Back in April, I told Wall Street Daily readers that any fears in the copper industry were vastly overblown.
The market was hesitant about future Chinese demand for the metal, including the massive supplies held by the London Metal Exchange (LME). This concern drove the price of copper close to a four-year low in mid-March – to $2.92 a pound.
Global traders have finally reached the same conclusion I did.
Copper is now trading at a four-month high at just over $3.20 a pound on the Comex division of the New York Mercantile Exchange. The metal recently enjoyed a 10-session winning streak, the longest since 2005.
Copper prices finished the quarter in June with a gain of nearly 6%. That’s the best performance for the metal since the third quarter of last year.
Well, Wall Street was dead wrong. Inventory supplies of copper are dropping rapidly and Chinese demand remains robust.
Copper Inventories Drop
The refined copper market struck a deficit this year of 205,000 metric tons (mt). A look at the inventories of copper held worldwide shows a dramatic decline recently.
At warehouses managed by the London Metal Exchange, supplies have fallen to around 150,000 mt. This is the lowest level in six years, less than three weeks of global consumption!
Some has been moved to warehouses in China controlled by the Shanghai Futures Exchange. But that really hasn’t helped the supply situation, either…
Copper inventories at that Exchange have fallen to near three-and-a-half year lows. No re-build is expected anytime soon.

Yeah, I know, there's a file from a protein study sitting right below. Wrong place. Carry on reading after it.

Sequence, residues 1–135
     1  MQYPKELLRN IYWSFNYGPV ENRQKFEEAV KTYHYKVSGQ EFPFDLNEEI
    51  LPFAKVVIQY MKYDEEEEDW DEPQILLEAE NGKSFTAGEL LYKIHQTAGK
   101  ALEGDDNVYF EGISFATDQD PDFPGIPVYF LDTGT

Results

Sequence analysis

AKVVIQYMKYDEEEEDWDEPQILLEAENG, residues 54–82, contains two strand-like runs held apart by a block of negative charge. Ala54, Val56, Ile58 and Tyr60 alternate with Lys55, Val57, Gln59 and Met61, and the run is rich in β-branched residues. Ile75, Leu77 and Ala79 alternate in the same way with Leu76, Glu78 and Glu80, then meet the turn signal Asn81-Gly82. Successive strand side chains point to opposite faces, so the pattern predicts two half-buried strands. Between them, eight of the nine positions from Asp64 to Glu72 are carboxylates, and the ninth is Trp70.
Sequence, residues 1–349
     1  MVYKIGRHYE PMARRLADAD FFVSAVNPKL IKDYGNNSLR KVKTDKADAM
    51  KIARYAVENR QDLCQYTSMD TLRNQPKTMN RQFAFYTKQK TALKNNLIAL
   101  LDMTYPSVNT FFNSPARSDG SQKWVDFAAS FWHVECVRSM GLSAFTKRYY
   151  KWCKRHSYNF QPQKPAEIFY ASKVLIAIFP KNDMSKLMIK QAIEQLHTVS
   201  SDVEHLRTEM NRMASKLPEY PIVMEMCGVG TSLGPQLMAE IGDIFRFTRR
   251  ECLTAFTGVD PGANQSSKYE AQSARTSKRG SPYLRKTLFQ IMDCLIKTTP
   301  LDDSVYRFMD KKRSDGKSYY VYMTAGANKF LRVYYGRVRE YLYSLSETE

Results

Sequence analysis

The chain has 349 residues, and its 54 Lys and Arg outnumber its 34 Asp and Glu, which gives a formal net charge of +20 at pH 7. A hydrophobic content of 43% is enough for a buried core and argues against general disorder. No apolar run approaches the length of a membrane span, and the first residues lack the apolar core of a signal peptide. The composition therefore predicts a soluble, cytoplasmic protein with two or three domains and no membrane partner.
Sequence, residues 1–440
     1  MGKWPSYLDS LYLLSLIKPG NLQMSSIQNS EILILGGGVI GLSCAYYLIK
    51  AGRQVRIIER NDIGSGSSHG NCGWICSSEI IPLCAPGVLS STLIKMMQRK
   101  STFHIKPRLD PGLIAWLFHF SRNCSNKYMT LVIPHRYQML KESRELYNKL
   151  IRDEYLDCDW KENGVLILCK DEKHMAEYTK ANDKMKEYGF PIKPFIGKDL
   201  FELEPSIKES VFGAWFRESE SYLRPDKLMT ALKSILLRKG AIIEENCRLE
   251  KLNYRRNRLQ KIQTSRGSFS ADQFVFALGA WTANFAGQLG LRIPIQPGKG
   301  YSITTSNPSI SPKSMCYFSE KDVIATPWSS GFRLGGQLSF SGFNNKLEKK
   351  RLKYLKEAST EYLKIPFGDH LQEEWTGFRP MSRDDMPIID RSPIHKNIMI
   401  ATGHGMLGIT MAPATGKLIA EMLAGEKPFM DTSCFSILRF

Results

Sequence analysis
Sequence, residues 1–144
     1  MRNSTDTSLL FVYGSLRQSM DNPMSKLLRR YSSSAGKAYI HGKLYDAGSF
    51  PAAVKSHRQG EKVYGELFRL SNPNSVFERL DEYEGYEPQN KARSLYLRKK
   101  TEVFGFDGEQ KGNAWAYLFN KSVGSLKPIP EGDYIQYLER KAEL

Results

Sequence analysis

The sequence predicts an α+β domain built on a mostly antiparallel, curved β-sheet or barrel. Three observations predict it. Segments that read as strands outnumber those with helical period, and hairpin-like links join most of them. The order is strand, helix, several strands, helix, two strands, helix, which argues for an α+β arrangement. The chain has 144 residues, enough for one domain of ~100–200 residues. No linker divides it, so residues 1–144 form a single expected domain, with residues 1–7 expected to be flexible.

Chinese Copper Demand Still Robust
That brings us to the demand for copper from China, the world’s biggest consumer of the metal.
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China was responsible for 100% of the growth in demand for copper over the past decade. Each year, Chinese copper consumption rose an average of 17%.
Contrary to thoughts earlier this year, Chinese demand isn’t decreasing.
So far in 2014, China is still importing refined copper at a record pace. Through May, imports are up 34% to 2.1 million mt.
Macquarie Securities estimates that future demand may slow to a 4% annual rate. However, on a base of 9 mt, that will translate to increased annual consumption of about 400,000 mt.
The Future and a Pure-Play Copper Investment
But why worry? Aren’t there a bunch of copper projects coming online?
Not so fast. Look at Chile, the world’s largest producer of copper.
The cost of mining copper there has skyrocketed 350% over the past decade, from $0.63 a pound in 2003 to $2.50 a pound in 2013.
So don’t expect copper to come flooding into the market due to projects from the world’s biggest producer.
This bodes well for strength in copper prices in the years ahead.
For investors looking for a pure-play on higher copper prices, there’s an exchange-traded fund that fits the bill.
It’s the United States Copper Index Fund (CPER). Its portfolio usually consists of three different copper futures contracts traded on the Comex.
As overblown fears in the copper market continue to subside, this ETF and copper prices will continue to march higher.
And “the chase” continues,